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Rahul Gandhi clutched the edges of the podium, rearranging the sinewy threads on his striated forearms. He took a deep breath and stared into the eyes of the assembled listeners.
“Because poverty is just a state of mind, and if you are confident, you can overcome it,” he declared.
Even as members in the audience gawked at Rahul and then turned to look at one another to confirm if they had indeed heard what they heard, thousands of citizens across the country whooped in glee and began to type out the first of many #YoRahulSoDumb jokes on Twitter…
“Yeah. Look at his eyes!”
“There’s such intelligence in them.”
“Yes,” smiled the father. “Tell me mother, how’s your preparation for the elections coming along?”
She sighed. “Well, it’s okay, but I am yet to come up with a central theme that my campaign will revolve around…”
Mother and son turned to the baby in surprise.
“Baba, did you just say your first word?” cooed his grandmother.
The baby giggled. “Gar… gar…”
“Yes, gar..gar..gar,” she laughed, tickling him.
“Garibi hatao,” said the baby with sudden lucidity.
The smile vanished from Indira Gandhi’s face. Eyes wide, she turned tremblingly to her son.
“That’s it,” she whispered. “That’s the slogan. How did Baba…”
The two stared at the smiling baby in dumbfounded amazement.
Sam Pitroda fidgeted in his seat. “Sir, if you put it that way, I have no argument…”
“Well then, it’s decided. We will have nothing to do with this computer business.”
As Rajiv proceeded to see Sam out of the room, a voice called out. “Dad, I think you’re making a mistake!”
The two gentlemen turned towards the teenager hunched over a chessboard in a corner.
Rahul looked up. “Computers are going to be far more important that you think. In a decade, information technology is what will separate a developed nation from a third world country, an innovator from an also-ran. Not just that, I foresee a Telecom revolution in the near future. International calls will get so cheap that a whole new industry will spring up in the developing nations helping companies in the developed nations with various administrative tasks. India, with its education obsessed middle class, will be in a great position to take advantage of this.”
As the two adults stood there, seemingly unsure of how to react, Rahul reached into his pocket, pulled out a piece of paper and handed it to Sam. “Also I drew up a 20 year plan for the Telecom sector that should ensure that every family has a mobile phone within 2 decades.”
“This…this is incredibly detailed,” stammered Sam Pitroda, thumbing the sheet. “Wow, I never thought of all this, Rahul…”
Rajiv looked from Rahul to Sam to Rahul again, and smiled broadly. “Okay, I’m sold. Let’s embrace it!”
Sam heaved a sigh of relief. Turning to Rajiv, Sam said. “Sir, we have someone really special here. In him I see Pandit Nehru’s intelligence, Indira ji’s iron will and your charisma. He shows all signs of being the greatest Gandhi ever!”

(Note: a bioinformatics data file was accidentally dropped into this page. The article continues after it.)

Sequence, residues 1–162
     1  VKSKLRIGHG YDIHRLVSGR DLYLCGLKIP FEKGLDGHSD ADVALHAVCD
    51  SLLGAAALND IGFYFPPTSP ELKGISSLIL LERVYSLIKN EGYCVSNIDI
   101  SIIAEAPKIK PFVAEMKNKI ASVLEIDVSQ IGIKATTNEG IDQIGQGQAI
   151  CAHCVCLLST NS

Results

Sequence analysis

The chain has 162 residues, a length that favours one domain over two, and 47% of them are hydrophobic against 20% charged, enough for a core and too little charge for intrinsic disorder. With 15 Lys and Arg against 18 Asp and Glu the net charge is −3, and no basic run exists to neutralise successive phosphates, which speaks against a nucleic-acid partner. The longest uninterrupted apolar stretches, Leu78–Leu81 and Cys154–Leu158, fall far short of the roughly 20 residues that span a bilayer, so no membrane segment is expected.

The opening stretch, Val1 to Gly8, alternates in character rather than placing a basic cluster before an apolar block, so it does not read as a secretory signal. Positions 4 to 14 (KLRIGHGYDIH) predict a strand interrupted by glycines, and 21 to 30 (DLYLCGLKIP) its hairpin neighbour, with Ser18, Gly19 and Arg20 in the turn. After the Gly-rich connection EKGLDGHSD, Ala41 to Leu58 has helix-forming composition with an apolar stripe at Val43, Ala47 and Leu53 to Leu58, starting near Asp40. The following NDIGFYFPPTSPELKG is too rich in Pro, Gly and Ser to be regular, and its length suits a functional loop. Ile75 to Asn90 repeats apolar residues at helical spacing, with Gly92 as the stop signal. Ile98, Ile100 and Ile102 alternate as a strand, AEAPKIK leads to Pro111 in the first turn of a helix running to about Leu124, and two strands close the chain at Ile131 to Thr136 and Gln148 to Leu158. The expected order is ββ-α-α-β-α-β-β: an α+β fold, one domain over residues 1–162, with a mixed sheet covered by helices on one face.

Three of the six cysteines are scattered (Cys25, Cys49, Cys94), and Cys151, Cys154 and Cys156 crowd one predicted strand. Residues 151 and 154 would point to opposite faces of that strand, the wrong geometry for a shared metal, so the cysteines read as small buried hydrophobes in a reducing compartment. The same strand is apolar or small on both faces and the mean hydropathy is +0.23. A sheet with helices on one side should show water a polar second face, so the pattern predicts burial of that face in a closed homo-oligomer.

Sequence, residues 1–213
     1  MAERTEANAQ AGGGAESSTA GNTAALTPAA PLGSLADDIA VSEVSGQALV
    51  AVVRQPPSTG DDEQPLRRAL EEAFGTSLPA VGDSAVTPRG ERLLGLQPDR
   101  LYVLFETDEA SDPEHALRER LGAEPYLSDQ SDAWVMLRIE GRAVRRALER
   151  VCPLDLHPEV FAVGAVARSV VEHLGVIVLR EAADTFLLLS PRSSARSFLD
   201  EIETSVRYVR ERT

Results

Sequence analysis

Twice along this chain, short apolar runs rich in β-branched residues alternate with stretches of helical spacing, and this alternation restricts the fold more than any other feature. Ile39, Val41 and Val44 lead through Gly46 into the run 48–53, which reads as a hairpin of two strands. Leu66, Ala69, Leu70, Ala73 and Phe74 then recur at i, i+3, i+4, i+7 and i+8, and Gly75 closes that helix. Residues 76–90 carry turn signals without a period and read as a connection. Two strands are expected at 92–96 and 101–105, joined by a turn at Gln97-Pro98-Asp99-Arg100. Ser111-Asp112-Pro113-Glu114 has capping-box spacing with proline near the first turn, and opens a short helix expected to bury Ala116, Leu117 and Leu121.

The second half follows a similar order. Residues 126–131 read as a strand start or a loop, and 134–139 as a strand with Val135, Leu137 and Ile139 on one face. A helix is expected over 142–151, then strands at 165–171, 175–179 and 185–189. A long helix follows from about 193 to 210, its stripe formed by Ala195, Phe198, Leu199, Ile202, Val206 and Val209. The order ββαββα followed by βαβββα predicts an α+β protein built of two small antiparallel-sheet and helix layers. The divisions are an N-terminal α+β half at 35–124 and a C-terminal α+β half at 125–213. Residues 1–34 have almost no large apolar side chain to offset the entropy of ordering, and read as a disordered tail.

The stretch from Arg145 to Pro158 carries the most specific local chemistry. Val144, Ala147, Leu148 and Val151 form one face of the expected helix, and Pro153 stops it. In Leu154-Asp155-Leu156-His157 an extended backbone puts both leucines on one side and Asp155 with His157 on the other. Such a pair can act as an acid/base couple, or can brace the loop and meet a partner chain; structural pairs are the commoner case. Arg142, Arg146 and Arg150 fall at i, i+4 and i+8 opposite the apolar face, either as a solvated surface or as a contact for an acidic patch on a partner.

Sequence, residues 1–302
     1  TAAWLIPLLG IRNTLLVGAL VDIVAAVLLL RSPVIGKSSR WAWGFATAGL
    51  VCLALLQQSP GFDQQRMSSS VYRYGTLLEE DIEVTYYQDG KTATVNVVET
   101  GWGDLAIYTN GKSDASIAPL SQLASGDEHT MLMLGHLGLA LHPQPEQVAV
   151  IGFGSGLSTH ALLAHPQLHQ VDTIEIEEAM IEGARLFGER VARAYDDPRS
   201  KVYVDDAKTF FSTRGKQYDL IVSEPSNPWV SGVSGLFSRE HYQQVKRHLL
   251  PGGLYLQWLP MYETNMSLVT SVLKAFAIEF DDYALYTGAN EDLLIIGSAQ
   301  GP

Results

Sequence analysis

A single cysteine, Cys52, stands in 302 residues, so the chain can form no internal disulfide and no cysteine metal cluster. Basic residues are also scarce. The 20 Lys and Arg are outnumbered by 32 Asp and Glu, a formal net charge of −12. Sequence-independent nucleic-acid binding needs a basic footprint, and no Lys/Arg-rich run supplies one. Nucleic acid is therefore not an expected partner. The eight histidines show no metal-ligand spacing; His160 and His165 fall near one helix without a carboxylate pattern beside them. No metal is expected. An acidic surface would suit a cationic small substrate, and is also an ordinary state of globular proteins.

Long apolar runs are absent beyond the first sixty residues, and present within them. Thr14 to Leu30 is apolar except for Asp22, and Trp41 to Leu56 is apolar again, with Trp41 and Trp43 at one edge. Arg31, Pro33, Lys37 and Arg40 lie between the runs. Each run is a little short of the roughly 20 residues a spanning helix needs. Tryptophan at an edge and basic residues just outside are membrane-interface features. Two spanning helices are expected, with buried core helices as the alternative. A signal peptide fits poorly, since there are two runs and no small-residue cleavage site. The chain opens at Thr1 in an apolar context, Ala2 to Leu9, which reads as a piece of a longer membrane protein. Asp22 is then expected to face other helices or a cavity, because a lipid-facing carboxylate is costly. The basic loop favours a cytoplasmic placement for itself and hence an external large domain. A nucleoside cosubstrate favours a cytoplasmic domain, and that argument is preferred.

“I know,” Rajiv smiled, ruffling Rahul’s tousled hair. Rahul glowed under his father’s praise.
“Rahul will ensure that the Gandhi family will rule this country for at least another 50 years,” said Rajiv.
As Rajiv and Pitroda walked away, they failed to notice the frown that had materialized on Rahul’s brow.
Sonia stared straight ahead.
“Our forex reserves are at an all-time low. We can barely afford three weeks of imports…”
Sonia didn’t respond.
She abruptly stood up. “I don’t care! My family has still not recovered from our grief. I don’t want you bothering us with your petty issues. Get out!” she screamed.
The bald man slowly got up, folded his palms in a namaste and lumbered out of the room, meekly followed by his turbaned companion. Just as they stepped out of the apartment, the turbaned man uttered a soft ‘Aaah!’ and grabbed the back of his neck. Oblivious, the bald man continued walking towards his car, while the turbaned man stopped in his tracks and turned around.
There was no one behind him. He looked down at his feet and found a crumpled piece of paper. He picked it up and straightened it out. One word was scrawled on it.
The turbaned man looked around once again, only to find the emptiness stare back at him. “Theek hai,” he mumbled and turned to leave the apartment.
From behind a pillar, a dimpled young man watched the minister depart and exhaled, “Phew! That was close.”
“What is good for this nation, I ask myself…” Rahul wrote in his diary. “And the answer is obvious. To be a true democracy, the nation must rid itself of dynasty politics. For if there is no democracy within the parties contesting elections, how can the country be democratic in the true sense? But how do I go about ridding the country of…ourselves?”
“It’s been three years since I entered politics. And with every positive move I make, with every firm step I take towards building a better nation, the clamour for me to lead the nation has only grown louder! What then, after I become the PM? My son or daughter will carry on the mantle? And after that, my grandson or granddaughter? When will this end? Herein lies my dilemma – the more I add value to the nation, the deeper I entrench my family into the corridors of power.”
“No… I cannot be myself. For the sake of my beloved nation, I must sacrifice myself. I must sacrifice who I am, and persevere to be the exact opposite of what God made me…”
Rahul stared at the page as minutes ticked by.
Rahul’s countenance abruptly changed. A steely resolve glinted in his eyes. He tore the page from the diary, crumpled it into a ball and flung it into the hearth, and watched the flames swallow the only evidence of his terrible vow.
On a fresh page, Rahul began writing the first of the many ideas of the new Rahul.
“Politics is in your shirt, in your pants…”
PS: The UnReal Times has submitted this article to prestigious Congress portal, HamaraCongress.com, and is still waiting for a response from Sanjay Jha.